MLB Hall of Fame Ballots from PTST Experts

MLB Hall of Fame Ballots from PTST Experts

by January 26, 2021 1 comment

The Baseball Hall of Fame will announce its 2021 class on Tuesday night at 6 p.m. EST on the MLB Network. With that in mind, a few of our baseball writers came together to give their favorite picks that should be voted into Cooperstown this year.

You can find arguments for and against each player’s inclusion right here.

B.J. Martin, Beat Writer – Los Angeles Angels

Curt Schilling

He was a late-bloomer, having his first of six All-Star seasons at the age of 30 years old in 1997. He quickly became one of the most dominant pitchers of the game for the next seven seasons. Schilling’s 3.46 ERA, 216 victories, and 3,116 strikeouts during his 20 regular seasons are enough to earn him consideration for the HOF but his postseason career makes him a slam dunk. He had an astounding 11-2 win/loss record and a 2.23 ERA in 19 playoff games, including a 4-1 record and 2.06 ERA in six World Series starts. This speaks for itself. Put the politics aside and vote Schilling.

Barry Bonds

According to sworn testimony, Barry Bonds began enhancing his workouts in 1998 as the Sosa and McGwire home run chase was stealing the attention of the sports world. Heading into that season, Bonds had already won three MVP awards and earned seven Gold Gloves. He accumulated an impressive .288/.408/.551 lifetime hitting slash with 378 home runs and 417 stolen bases during his first 12 seasons. Whatever you think of Bonds’ career beyond 1997, he had earned Hall of Fame induction before entering the final stage of his career.

Roger Clemens

Clemens went into the 1998 season with a 213-118 lifetime record that included 2,882 strikeouts. He was already coming off the fourth Cy Young season of his career. Like Bonds, the PED allegations suggest he began taking these substances during the 1998 season and one could argue he already had a Hall of Fame career under his belt. Clemens was shoulder-to-shoulder with Greg Maddux, The “Big Unit” Randy Johnson, and Pedro Martinez as the best pitchers of this era.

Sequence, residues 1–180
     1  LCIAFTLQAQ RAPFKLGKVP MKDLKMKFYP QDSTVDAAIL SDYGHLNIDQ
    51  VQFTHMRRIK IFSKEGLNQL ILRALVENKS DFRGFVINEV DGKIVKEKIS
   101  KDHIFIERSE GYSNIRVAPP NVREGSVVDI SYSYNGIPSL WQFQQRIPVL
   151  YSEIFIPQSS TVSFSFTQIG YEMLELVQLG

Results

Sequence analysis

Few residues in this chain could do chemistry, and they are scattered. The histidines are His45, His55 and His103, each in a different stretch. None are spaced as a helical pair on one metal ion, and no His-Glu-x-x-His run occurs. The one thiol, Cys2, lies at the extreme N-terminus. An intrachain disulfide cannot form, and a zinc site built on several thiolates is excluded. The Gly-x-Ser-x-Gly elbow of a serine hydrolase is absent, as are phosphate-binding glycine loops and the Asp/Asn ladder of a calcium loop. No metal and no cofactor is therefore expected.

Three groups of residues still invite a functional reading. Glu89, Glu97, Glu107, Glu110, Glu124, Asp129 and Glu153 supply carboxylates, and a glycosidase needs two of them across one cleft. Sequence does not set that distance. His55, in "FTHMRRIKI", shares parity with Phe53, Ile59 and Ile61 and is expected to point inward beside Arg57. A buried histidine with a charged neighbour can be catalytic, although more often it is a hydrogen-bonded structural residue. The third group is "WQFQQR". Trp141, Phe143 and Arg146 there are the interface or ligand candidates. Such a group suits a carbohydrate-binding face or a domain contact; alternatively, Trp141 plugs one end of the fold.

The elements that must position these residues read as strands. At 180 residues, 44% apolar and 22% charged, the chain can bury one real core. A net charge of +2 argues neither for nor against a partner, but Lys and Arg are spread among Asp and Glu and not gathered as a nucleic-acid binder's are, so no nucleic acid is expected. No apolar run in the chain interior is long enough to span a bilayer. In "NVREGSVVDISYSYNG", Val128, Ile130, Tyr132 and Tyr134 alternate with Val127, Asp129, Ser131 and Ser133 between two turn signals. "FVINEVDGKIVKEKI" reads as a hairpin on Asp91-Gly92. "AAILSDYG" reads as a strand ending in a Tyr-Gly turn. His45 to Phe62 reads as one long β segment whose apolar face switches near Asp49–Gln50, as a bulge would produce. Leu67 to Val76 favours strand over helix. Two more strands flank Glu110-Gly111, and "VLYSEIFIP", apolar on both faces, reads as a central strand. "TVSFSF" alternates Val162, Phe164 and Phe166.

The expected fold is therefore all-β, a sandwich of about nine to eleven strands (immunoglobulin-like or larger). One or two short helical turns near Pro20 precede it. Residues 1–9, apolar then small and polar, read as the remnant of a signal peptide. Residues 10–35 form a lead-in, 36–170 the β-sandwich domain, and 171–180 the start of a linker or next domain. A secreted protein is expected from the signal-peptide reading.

Sammy Sosa

609 career home runs, 1,667 runs batted in, 234 stolen bases, an MVP award, and seven All-Star appearances. Sosa hit 35 or more home runs for ten consecutive seasons between 1995 and 2004. Unlike his home run chase opponent, Mark McGwire, Sosa was a multi-dimensional player that offered more than just dingers. While the eyeball test and common sense would indicate he was participating in PED use, he was never formally charged nor tested positive during the testing era. If Pudge Rodriguez is in the Hall, Sosa deserves a spot.

Jeff Kent

Kent has likely remained below the 75 percent voting needed for induction in part to his nomadic career playing with six different clubs and his sour attitude towards writers at times. Kent’s 377 career home runs are still the most lifetime by any second basemen, and he was a solid .276 hitter with 9 homers and 23 runs batted in during his 49 postseason games. Overshadowed by playing at the same time as the slick-fielding Roberto Alomar, the 2000 National League MVP was just as big of an overall threat at the position as the other second basemen in the game.

Billy Wagner

Wagner’s 422 career saves are ranked sixth all-time but it was his overall dominance out of the bullpen in the 16 years that were the peak of the ‘steroid era’ that defines him as a Hall of Fame pitcher. If his 2.31 career ERA isn’t impressive enough, consider he only finished one season with an ERA greater than 2.85. He surrendered just 82 home runs to the opposition and he struck out 11.9 per 9 innings through 903 career innings pitched. 

Scott Rolen